Dr. Mark Pellegrino, who has seen more than 20,000 Fibromyalgia patients over the years and a fellow FM patient, wrote about the “Fibromyalgia spectrum” in his book Fibromyalgia: Up Close & Personal (to order the book, click the book title link or click HERE).
Dr. Pellegrino says that Fibromyalgia is a “broader condition with specific subsets”. He believes that FM is the area between normal and disease, what he refers to as the “gray area”:
Some of the subsets were closer to normal, involving regional pain only, or milder symptoms without numerous associated conditions. Some subsets were closer to abnormal, with some features of connective tissue or rheumatic diseases, but were not quite “there.”
Today I’m convinced Fibromyalgia is indeed a “broader” condition with various subsets. I believe this information is helpful in explaining why everyone’s symptoms are different even though they all have Fibromyalgia.
Many conditions overlap Fibromyalgia and Dr. Muhammad Yunus, MD, (a professor and FM specialist at the University of Illinois College of Medicine) developed the Dysregulation Spectrum Syndrome (DSS) to describe how conditions can overlap. According to Dr. Yunus, Dysregulation Spectrum Syndrome (DSS) as “representing various associated conditions that share similar clinical characteristics and pathologic mechanisms with Fibromyalgia”. Ten conditions that fall under the DSS include:
- tension headaches
- migraine headaches
- primary dysmenorrhea
- restless leg syndrome
- myofascial pain syndrome
- periodic limb movement disorder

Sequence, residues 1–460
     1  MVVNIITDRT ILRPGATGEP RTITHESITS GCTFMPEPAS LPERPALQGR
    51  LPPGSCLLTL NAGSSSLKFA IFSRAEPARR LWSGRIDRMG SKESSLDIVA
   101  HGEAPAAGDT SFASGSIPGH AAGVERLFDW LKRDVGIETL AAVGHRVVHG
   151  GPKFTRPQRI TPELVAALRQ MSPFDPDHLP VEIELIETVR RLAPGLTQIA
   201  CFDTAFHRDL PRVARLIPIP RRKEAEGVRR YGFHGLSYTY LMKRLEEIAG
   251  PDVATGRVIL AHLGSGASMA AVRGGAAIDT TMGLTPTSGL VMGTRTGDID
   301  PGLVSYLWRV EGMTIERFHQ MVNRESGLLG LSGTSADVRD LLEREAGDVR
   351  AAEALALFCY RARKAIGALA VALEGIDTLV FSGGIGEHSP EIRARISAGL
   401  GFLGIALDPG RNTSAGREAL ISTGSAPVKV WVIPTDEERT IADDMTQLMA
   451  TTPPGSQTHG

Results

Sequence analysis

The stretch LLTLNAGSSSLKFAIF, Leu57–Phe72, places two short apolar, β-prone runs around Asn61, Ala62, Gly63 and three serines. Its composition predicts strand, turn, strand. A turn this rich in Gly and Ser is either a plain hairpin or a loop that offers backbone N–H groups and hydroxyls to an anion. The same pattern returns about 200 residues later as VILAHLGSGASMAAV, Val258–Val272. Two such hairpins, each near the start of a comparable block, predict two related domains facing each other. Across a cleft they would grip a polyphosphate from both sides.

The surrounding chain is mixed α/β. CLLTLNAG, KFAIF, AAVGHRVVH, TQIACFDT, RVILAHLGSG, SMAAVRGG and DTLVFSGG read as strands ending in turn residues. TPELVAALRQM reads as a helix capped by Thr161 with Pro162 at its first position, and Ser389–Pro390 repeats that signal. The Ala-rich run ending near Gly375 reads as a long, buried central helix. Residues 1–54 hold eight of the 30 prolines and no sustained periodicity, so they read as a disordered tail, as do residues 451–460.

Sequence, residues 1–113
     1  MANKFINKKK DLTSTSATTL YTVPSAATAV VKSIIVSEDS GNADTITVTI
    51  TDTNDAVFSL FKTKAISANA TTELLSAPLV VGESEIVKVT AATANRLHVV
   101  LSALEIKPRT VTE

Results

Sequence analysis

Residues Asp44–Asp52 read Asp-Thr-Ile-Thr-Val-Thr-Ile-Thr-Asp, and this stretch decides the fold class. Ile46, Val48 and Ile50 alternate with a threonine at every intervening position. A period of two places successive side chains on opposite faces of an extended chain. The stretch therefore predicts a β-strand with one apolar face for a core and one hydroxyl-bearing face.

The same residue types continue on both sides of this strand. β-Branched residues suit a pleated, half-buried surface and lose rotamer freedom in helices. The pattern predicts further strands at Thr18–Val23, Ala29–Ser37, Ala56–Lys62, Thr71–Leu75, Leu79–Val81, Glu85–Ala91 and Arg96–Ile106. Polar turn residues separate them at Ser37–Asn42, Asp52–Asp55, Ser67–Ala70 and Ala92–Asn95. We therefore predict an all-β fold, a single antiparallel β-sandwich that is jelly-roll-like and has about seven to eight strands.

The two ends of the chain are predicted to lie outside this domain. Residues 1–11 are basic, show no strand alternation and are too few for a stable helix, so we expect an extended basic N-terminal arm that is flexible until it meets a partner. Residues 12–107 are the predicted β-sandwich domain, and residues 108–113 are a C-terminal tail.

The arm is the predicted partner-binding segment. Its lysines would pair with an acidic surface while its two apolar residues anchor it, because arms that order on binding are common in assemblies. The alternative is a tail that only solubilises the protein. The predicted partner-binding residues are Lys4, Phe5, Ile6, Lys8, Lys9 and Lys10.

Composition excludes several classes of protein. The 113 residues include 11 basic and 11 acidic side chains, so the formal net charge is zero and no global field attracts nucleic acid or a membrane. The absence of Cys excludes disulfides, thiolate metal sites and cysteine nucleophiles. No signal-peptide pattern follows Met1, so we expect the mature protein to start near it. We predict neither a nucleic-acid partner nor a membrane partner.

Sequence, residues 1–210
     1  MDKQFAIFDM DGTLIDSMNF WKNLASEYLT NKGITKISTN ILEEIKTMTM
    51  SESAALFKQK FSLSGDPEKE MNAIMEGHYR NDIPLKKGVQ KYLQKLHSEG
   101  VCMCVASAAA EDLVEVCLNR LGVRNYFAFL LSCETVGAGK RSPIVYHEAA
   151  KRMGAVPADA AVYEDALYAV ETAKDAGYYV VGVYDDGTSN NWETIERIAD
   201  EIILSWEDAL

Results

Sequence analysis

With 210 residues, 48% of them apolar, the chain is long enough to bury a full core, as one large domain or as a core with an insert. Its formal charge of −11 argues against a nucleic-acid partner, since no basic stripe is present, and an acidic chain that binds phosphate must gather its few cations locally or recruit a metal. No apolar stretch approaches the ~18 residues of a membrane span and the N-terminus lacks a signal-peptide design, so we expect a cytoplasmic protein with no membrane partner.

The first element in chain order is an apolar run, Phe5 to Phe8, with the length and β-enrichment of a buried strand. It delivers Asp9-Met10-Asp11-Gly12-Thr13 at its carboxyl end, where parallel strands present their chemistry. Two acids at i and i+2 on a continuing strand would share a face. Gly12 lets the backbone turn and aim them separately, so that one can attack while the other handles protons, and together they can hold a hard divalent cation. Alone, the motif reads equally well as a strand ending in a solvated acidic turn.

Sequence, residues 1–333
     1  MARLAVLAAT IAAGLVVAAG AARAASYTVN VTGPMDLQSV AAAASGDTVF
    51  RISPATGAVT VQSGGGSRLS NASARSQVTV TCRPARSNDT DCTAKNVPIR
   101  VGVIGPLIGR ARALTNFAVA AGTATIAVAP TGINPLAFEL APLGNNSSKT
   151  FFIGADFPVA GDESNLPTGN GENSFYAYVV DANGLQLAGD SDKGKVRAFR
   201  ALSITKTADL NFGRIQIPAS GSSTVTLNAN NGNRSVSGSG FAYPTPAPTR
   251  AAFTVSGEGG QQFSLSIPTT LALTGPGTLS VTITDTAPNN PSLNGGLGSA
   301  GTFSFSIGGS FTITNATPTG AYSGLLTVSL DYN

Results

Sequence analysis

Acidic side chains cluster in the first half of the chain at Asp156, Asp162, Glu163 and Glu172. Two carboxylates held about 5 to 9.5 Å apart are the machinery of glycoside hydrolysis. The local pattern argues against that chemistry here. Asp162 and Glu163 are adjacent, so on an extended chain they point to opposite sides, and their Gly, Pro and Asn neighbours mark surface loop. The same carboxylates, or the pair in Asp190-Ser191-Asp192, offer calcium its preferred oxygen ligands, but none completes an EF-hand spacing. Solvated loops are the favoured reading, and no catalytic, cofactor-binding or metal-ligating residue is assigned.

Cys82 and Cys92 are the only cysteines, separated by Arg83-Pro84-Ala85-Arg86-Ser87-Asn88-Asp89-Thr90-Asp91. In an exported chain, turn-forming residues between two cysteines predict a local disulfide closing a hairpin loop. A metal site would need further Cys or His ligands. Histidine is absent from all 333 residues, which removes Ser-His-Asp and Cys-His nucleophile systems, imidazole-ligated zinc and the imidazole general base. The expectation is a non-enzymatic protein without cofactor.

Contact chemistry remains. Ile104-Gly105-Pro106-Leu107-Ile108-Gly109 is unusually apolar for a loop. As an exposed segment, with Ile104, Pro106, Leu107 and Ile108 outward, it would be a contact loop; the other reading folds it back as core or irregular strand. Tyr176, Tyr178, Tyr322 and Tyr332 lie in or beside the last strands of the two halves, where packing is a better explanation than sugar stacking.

- temporomandibular pain syndrome
Dr. Yunus says the conditions listed above in the DSS share these characteristics:
- Patients with different conditions share similar profiles.
- Symptoms patients have in common include pain, fatigue, sleeping issues, more females affected than men.
- Hypersensitivity to pain.
- No “diagnostic” pathology that can be measured.
- Patients who share psychological complaints such as depression and anxiety.
- Common genetic factor believed.
- Common hormonal dysfunctions shared.
- TMJ dysfunction.
- Treatments directed at the central nervous system leading to improvement.
Dr. Pellegrino says in his book about the Fibromyalgia spectrum:
I have discussed the Fibromyalgia spectrum with my patients to help them understand the various subsets possible. I do not see Fibromyalgia as a member of a bigger family, but as the main condition. It is the “founding father” and keeps its name. If Fibromyalgia is the founding father, then the various overlapping conditions and subsets become the children. The name Fibromyalgia remains, but different subsets have unique characteristics and together they become the Fibromyalgia spectrum.